C. You don't make more money, you just get your product on more machines for whatever purposes you devise.

D. Why force my self through a third party loop who has nothing to do with the vendor in question?

E. It's spyware you say "Yes" to.

F. As a Subscriber you may obtain access to certain services, software and content available to Subscribers. The Steam client software and any other software, content, and updates you download or access via Steam, including but not limited to Valve or third-party video games and in-game content, and any virtual items you trade, sell or purchase in a Steam Subscription Marketplace are referred to in this Agreement as “Software”; the rights to access and/or use any services, Software and/or content accessible through Steam are referred to in this Agreement as "Subscriptions."

Instead of dealing with the vendor directly, you're dealing with steam who deals with the vendor. So any program that says I need them, and does not offer any functionality to the game itself, is unnecessary. Unless they themselves signed a licensing agreement that says they will only distribute it through certain third parties. Which I believe is unnecessary.

G. When a game sells extra-ordinarily well on Steam, it is still kept as a steam exclusive and not released stand alone at all. See Skyrim, a game that is well known to have a plethora of cracks available. And Bethesda having made a large profit margin off of this product. Yet still refuse to release it stand alone, simply because Steamworks is involved. Yet, Oblivion, released without Steam, is offered through steam anyway. Why not vice-versa? This monopoly makes no sense, but gamers of today are plenty happy giving power to these third party vendors that *require* their clients on your system operating to play these silly games.

It doesn't make sense, and it doesn't bode well for consumers like me. Who just want the game, not the baggage software.

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Isen3C    10
I remember back when I hated steam...

Oh how foolish I was...

I don't think it is foolish to realize any companies monopoly on something is a very bad thing.

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Sharza    10
I don't think it is foolish to realize any companies monopoly on something is a very bad thing.

(see title) and I still wholeheartedly agree with you there, Isen. You raise very valid points and it is a shame that customers don't have more rights by law (like the right to keep all their games even if Valve/Steam don't agree with it). Competition, I hope, will rise, grow stronger and force Steam to move towards a more customer friendly approach when it comes to "rights".

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Isen3C    10
(see title) and I still wholeheartedly agree with you there, Isen. You raise very valid points and it is a shame that customers don't have more rights by law (like the right to keep all their games even if Valve/Steam don't agree with it). Competition, I hope, will rise, grow stronger and force Steam to move towards a more customer friendly approach when it comes to "rights".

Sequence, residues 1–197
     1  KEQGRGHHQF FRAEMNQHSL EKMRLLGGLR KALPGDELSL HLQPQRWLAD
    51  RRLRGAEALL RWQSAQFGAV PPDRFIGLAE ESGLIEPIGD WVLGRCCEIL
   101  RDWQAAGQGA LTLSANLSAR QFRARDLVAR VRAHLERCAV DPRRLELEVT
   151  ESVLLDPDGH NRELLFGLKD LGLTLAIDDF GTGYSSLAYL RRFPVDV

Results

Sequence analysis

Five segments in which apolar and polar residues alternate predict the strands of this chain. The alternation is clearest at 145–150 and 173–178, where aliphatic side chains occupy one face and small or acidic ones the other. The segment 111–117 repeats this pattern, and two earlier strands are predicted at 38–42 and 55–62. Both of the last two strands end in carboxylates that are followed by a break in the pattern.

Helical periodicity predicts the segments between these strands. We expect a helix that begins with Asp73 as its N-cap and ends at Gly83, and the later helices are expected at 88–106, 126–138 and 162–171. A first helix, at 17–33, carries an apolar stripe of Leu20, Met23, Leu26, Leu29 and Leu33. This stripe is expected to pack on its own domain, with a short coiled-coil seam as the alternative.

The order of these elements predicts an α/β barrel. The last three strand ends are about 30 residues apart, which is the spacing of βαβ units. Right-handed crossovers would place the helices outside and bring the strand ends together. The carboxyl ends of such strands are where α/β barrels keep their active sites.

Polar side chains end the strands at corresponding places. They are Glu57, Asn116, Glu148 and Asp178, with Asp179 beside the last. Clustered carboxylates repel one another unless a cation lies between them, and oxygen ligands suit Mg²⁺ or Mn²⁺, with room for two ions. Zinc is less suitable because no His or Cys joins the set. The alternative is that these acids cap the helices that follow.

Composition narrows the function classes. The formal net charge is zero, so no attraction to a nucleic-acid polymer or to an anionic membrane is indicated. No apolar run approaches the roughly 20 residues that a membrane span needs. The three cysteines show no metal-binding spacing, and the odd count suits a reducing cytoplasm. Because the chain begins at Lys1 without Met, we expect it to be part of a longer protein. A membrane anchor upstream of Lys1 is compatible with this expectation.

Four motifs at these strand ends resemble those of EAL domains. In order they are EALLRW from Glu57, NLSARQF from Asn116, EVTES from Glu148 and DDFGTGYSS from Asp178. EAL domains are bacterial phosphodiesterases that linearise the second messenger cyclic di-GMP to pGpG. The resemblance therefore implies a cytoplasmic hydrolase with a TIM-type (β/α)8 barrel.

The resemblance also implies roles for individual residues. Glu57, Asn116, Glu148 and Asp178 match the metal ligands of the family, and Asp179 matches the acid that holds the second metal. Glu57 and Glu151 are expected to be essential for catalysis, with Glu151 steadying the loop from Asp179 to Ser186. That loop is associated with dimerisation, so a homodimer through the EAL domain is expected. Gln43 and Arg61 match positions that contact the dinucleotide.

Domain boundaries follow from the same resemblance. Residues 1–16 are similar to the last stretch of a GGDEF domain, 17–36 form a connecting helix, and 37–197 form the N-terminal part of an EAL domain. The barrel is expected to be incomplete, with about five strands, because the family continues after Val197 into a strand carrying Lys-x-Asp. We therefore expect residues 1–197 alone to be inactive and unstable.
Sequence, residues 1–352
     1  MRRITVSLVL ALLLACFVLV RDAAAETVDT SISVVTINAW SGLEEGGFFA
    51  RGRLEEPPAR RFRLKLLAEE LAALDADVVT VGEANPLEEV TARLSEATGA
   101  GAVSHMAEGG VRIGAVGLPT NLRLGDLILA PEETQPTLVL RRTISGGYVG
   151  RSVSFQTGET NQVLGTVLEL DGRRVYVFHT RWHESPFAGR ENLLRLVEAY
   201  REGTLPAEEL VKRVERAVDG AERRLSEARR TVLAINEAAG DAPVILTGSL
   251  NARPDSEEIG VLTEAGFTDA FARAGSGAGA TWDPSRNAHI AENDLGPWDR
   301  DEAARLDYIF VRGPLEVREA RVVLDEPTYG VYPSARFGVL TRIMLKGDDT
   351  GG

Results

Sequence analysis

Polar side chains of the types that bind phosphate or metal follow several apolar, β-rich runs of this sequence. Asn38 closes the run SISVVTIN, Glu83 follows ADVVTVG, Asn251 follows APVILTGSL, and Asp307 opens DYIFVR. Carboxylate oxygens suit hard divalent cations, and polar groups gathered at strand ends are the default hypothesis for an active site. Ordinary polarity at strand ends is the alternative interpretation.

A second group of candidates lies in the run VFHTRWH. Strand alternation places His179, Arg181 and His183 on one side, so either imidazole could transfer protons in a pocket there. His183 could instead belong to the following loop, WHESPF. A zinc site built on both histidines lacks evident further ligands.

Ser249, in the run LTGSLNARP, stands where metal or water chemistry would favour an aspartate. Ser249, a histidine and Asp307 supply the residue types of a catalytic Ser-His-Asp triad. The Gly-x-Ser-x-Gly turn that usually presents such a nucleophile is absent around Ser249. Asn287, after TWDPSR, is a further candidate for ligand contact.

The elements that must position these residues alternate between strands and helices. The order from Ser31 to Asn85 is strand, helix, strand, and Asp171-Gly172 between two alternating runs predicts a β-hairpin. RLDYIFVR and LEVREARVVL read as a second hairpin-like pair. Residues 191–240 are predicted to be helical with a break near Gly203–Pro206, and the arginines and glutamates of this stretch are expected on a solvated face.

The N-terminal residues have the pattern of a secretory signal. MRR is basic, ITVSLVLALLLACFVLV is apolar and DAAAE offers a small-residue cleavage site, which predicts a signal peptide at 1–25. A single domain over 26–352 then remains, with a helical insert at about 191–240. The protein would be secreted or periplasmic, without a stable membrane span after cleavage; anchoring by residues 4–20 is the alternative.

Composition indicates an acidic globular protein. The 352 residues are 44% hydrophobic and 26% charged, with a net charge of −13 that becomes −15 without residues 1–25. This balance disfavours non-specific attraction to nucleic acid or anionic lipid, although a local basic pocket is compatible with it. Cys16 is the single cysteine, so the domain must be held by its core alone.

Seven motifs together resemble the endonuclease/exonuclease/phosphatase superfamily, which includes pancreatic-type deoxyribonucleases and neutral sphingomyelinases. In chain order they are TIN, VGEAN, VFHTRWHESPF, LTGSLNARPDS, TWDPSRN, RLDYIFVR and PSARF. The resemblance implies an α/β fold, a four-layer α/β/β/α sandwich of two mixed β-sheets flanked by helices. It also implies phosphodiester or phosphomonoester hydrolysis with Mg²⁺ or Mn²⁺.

Well if I were you, and if you and yours were Steam subscribers, I would demand them to change the access laws so that steam can be seen not as a subscriber to a service but as a merchant. Because as it stands now, not having access to the software as a stand alone product doesn't even make sense, if you're downloading it through Steam, it's been verified. If you've purchased it in a store, you need to be on line to enter your code. The need for your game products to be injected with steamware to even function just baffles me. If it is a game that requires steam to access online servers, that function within the game should simply not work. Steam should not be required to start games you've purchased from them legally. Because it has been verified. It doesn't make any sense to me, and I hope I've cleared up some misunderstandings here.

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Sharza    10

As it is right now I think in Germany, where I live, it is very much so that the License Agreements you have with companies are not legally binding anyway because you never sign them. At least not as much as they are in the US. If steam decided to lock my account for whatever reason I think I would try to make an exemplary judicial case out of it. As it stands I don't have any trouble with it being a service. I know this is lazy and you've at least given me something to think about: Thinking about whether there should be some initiative brought forward through a petition or something to give users more right. It certainly is an interesting idea and to argue that Steam is a merchant might actually work (although I know very little about law).